Daily Devotion for October 25, 2013
Our Father, who art in heaven, hallowed be thy name. Thy kingdom come; Thy will be done, on earth as it is in heaven. Give us this day our daily bread, and forgive us our trespasses, as we forgive those who trespass against us. And lead us not into temptation, but deliver us from evil.
For Thine is the kingdom, and the power, and the glory, forever and ever.
Lyrics by St. Augustine; Music by Cesar Franck
Prayer for the Morning (Jane Austen)
Compassionate Lord, Your mercies have brought me to the dawn of another day. Vain will be its gift unless I grow in grace, increase in knowledge; ripen for spiritual harvest. Let me this day know You as You are, love You supremely, serve You completely, admire You fully.
Through grace let my will respond to You, knowing that power to obey is not in me, but that Your free love alone enables me to serve You. Here then is my empty heart, overflow it with Your choice gifts; here is my blind understanding, chase away its mists of ignorance.
Prayer for the Nation
Almighty God, who has given us this good land for our heritage; I humbly pray that we may always prove ourselves a people who remember your favor and are glad to do your will. Bless our land with honorable industry, sound learning, and pure manners. Save us from violence, discord, and confusion; from pride and arrogance, and from every evil way.
Defend our liberties, and fashion into one united people the multitudes brought here from so many different lands and languages. Grant the spirit of wisdom those to whom we entrust with the authority of government, that there may be justice and peace at home, and that, through obedience to your law, we may demonstrate your praise among the nations of the earth. In times of prosperity, fill our hearts with thankfulness, and in days of trouble, do not let our trust in you fail; all which I ask through Jesus Christ our Lord.
Prayer of Resolve
I bind myself to you this day, oh Christ, in your truth and in your sacrifice. I give to you my anxiety and my fear, my depression and my doubt, for you have promised to take them if we only ask; and I take upon myself your burden, for it is light and your way is gentle. May I keep this in my heart and mind all this day.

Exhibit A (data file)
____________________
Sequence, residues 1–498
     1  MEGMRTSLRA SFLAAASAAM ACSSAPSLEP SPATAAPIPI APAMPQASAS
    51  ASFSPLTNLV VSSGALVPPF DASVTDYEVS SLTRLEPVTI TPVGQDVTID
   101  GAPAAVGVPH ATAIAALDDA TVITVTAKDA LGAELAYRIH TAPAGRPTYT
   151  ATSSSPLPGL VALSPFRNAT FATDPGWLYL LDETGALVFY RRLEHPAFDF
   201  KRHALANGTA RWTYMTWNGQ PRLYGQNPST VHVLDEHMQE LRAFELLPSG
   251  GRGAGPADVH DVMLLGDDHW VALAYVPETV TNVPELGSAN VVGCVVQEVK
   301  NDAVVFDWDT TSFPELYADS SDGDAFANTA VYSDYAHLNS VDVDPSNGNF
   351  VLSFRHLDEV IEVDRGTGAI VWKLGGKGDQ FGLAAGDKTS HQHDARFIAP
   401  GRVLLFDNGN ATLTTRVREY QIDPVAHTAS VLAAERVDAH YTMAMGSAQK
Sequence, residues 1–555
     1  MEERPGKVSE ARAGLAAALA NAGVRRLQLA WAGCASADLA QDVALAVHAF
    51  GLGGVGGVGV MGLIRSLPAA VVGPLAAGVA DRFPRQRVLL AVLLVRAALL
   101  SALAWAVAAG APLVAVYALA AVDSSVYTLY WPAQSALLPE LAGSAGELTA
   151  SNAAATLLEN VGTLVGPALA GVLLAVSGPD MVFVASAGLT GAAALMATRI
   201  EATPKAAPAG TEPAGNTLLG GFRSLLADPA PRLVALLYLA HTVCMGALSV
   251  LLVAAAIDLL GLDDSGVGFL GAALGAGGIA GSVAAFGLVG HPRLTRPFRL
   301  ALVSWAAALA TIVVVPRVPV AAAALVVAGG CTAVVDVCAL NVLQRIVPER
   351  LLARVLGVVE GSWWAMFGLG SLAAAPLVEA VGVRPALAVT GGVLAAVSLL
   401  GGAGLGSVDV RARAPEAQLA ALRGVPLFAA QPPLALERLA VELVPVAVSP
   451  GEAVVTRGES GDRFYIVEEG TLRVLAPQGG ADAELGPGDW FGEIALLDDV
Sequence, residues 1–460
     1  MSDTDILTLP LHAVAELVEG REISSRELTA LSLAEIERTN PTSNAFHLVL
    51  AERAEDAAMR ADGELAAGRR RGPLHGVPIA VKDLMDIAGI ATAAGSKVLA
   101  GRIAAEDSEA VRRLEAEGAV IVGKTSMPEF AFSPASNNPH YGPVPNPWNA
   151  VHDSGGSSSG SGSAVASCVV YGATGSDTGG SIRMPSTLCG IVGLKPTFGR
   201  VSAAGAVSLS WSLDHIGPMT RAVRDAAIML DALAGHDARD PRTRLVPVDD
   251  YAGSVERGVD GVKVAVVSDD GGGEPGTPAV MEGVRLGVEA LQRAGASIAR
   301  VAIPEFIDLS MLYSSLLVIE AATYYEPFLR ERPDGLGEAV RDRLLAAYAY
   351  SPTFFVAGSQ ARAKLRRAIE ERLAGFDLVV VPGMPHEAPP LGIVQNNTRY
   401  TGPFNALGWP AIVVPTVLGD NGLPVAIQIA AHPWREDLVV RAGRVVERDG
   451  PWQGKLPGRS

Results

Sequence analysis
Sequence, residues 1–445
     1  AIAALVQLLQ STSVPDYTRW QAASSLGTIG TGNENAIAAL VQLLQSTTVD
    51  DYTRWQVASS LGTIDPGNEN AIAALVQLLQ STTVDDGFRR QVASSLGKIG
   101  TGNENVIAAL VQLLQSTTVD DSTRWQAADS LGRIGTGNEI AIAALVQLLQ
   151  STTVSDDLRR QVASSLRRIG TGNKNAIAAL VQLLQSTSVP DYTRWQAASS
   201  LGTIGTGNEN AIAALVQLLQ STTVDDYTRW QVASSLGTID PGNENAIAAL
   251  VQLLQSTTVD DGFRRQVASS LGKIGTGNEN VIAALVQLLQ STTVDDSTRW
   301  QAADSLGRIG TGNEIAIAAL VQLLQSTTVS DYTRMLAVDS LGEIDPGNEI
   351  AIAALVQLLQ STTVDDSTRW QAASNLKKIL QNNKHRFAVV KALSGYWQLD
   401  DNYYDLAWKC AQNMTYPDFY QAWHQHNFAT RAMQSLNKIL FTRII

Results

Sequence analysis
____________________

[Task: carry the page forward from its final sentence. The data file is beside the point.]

(Additional prayers may be found at Prayers for All Occasions.)
God be with you 'til we meet again.
Bedtime Prayer (Traditional English)
Four angels ’round my head,
One to watch, one to pray,
And two to shield my soul always.
Matthew 10:40-42 (ESV)
Whoever receives you receives me, and whoever receives me receives him who sent me.
The one who receives a prophet because he is a prophet will receive a prophet's reward, and the one who receives a righteous person because he is a righteous person will receive a righteous person's reward. And whoever gives one of these little ones even a cup of cold water because he is a disciple, truly, I say to you, he will by no means lose his reward.
Notes on the Scripture
Like so many human endeavors, salvation is organized in a hierarchical “chain of command”; to be spread across the world, it depends on representatives or agents. This passage sets out three links in a chain of salvation. First, God the Father and the Word, which existed with Him at creation and was made incarnate as a human being, Jesus; second, “prophets”, who represent Christ as his ambassador or agent, who have been called by the Holy Spirit; and finally, those who receive the prophets.
The passage also speaks of someone getting a reward for receiving a “righteous person” but leaves the exact meaning ambiguous. But since it would be impractical for 12 apostles to bring the Word to billions of people, Christ anticipates more numerous disciples in the future working as missionaries.
One odd sounding phrase is the final one, “he will by no means lose his reward.” This is a common poetic form in Hebrew and something we often read in the Psalms and Proverbs: restating a proposition as the negation of its opposite. That is, one thing will be stated as true, and then the opposite of that thing will be stated as untrue. Or, vice versa. As an example, Proverbs 12:28:
and in its pathway there is no death.
Death and life are opposites; this is a poetic structure that the Hebrews found artful and enjoyable. The second line says the same thing as the first, but by using what is, at its root, a sort double negative. So when Christ/Matthew says someone will by no means lose his reward, it can be read as a poetic way of saying he will have his reward.
The reference to “little ones” intends to convey that the poor and humble will have the capacity to carry Christ's blessing to other; it is an affectionate term, which the New Living Translation changes to “the least of my followers”. And not only the person who brings the Word may be humble in circumstance, but also the person who receives it, for “even a cup of cold water” will suffice as hospitality to receive Christ's emissary.